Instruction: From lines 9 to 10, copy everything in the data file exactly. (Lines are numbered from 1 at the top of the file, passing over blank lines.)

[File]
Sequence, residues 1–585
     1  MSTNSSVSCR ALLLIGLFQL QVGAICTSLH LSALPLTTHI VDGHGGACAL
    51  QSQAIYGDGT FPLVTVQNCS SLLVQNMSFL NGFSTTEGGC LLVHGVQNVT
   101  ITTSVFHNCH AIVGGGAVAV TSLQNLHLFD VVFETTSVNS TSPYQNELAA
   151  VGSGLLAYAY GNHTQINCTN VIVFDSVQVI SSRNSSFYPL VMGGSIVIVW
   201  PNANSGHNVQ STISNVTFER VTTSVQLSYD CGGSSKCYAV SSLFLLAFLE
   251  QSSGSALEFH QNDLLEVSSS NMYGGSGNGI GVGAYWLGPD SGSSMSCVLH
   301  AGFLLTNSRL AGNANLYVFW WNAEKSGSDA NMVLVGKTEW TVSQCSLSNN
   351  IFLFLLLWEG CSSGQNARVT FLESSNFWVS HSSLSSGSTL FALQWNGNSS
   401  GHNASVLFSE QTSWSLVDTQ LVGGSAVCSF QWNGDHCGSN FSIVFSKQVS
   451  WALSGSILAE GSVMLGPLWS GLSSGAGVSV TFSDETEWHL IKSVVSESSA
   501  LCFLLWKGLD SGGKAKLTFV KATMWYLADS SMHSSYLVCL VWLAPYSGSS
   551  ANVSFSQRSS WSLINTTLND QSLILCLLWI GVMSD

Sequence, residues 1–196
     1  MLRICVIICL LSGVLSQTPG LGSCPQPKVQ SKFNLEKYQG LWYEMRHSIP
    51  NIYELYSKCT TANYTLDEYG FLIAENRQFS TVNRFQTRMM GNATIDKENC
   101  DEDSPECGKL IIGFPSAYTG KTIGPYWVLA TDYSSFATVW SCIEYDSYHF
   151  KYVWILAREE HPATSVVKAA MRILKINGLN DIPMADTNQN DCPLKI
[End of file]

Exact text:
   351  IFLFLLLWEG CSSGQNARVT FLESSNFWVS HSSLSSGSTL FALQWNGNSS
   401  GHNASVLFSE QTSWSLVDTQ LVGGSAVCSF QWNGDHCGSN FSIVFSKQVS